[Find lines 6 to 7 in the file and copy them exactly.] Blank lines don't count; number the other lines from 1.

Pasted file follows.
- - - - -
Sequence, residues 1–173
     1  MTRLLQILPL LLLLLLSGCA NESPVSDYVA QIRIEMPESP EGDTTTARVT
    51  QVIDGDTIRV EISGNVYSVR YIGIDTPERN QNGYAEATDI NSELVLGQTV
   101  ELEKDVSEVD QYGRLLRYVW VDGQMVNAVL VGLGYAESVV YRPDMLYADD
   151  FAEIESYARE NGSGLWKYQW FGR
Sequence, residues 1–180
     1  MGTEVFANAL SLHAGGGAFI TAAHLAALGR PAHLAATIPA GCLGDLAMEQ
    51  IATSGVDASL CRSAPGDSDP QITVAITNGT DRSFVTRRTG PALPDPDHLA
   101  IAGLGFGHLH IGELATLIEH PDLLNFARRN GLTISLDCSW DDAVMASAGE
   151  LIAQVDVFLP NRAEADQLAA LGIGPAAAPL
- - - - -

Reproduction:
Sequence, residues 1–180
     1  MGTEVFANAL SLHAGGGAFI TAAHLAALGR PAHLAATIPA GCLGDLAMEQ